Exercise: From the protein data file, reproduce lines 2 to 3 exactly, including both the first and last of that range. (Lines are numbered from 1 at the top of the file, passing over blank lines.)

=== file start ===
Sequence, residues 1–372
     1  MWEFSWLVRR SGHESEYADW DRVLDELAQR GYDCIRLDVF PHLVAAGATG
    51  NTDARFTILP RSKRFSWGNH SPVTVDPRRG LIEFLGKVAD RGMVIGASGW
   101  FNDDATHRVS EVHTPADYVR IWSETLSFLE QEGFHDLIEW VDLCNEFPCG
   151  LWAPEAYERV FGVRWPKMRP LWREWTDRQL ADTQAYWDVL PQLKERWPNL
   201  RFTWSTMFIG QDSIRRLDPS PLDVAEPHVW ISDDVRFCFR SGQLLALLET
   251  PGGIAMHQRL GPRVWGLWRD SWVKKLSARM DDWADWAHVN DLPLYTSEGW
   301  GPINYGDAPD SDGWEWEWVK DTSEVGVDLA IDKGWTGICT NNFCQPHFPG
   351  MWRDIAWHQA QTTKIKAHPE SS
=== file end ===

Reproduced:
     1  MWEFSWLVRR SGHESEYADW DRVLDELAQR GYDCIRLDVF PHLVAAGATG
    51  NTDARFTILP RSKRFSWGNH SPVTVDPRRG LIEFLGKVAD RGMVIGASGW